Gymnastics is a dynamic sport that incorporates seven disciplines; men's & women's artistic gymnastics, rhythmic gymnastics, trampolining, sports aerobics, sports acrobatics and cheerleading.
- Even from an early age, these athletes have very individual requirements to nourish their developing muscles and bones, whilst maintaining the aesthetic body for the sport.
As gymnasts mature, male and female requirements differ due to physical changes and different competition peaks. For instance, artistic females peak earlier in the sport (before puberty) which makes this prime bone-laying time and physical maturation, while rhythmic gymnasts peak in their late teens/early twenties, where lean body mass needs to be balanced by healthy eating and regular menstrual function.
Males generally peak in their early twenties when muscle mass peaks, and nutrition strategies tend to focus on maintaining and increasing lean body mass (muscle).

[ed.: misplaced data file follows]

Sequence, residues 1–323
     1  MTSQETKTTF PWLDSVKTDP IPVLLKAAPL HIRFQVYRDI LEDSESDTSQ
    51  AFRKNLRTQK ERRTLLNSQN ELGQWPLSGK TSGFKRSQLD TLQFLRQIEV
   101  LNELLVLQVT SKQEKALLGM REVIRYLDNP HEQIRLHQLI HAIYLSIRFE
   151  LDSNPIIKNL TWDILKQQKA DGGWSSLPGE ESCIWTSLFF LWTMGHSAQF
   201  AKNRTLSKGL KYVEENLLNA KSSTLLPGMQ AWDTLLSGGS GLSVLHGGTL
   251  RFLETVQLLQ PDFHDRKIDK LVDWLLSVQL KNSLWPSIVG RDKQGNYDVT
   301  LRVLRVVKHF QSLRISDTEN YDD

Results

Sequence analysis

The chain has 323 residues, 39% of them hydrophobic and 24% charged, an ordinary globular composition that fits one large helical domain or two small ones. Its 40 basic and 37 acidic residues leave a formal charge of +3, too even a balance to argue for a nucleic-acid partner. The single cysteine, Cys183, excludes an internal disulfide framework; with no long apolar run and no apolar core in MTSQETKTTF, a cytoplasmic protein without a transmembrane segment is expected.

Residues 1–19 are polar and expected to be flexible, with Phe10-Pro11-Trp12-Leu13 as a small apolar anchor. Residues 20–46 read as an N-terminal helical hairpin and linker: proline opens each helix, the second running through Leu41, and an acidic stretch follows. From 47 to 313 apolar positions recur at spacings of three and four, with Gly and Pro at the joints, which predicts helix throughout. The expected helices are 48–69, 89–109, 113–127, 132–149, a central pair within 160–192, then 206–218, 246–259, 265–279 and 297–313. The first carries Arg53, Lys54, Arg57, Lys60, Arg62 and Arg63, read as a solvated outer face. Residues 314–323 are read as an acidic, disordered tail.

Gymnasts require a well-balanced nutritious training diet. Gymnasts are usually quite young with many preferring small frequent meals to meet nutritional requirements and to fit into their busy schedules of school, training and homework.
Low iron stores can be a problem with female gymnasts, particularly elite gymnasts who train long hours. If you get tired ask your doctor for a blood test to check your iron levels. Also see our Iron Depletion in Athletes Fact sheet.
Eating Disorders can be an issue with gymnasts. Care should be taken to encourage gymnasts to eat healthy but not be restrictive in their eating. A wide range of foods should be eaten so that all nutrients are obtained regularly. Advice from a Sports Dietitian may be helpful. Also see our Eating Disorders in Athletes fact sheet.
Author: Simone Allen, Accredited Sports Dietitian (WA)